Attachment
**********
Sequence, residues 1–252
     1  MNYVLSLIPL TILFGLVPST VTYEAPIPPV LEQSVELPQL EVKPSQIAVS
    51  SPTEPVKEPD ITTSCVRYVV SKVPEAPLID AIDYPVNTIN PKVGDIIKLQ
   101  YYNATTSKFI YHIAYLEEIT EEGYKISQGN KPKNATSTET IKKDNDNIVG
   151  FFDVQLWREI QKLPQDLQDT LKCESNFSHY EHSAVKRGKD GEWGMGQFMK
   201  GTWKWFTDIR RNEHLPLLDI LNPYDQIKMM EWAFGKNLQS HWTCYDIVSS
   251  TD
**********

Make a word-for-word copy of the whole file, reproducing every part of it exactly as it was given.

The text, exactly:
Sequence, residues 1–252
     1  MNYVLSLIPL TILFGLVPST VTYEAPIPPV LEQSVELPQL EVKPSQIAVS
    51  SPTEPVKEPD ITTSCVRYVV SKVPEAPLID AIDYPVNTIN PKVGDIIKLQ
   101  YYNATTSKFI YHIAYLEEIT EEGYKISQGN KPKNATSTET IKKDNDNIVG
   151  FFDVQLWREI QKLPQDLQDT LKCESNFSHY EHSAVKRGKD GEWGMGQFMK
   201  GTWKWFTDIR RNEHLPLLDI LNPYDQIKMM EWAFGKNLQS HWTCYDIVSS
   251  TD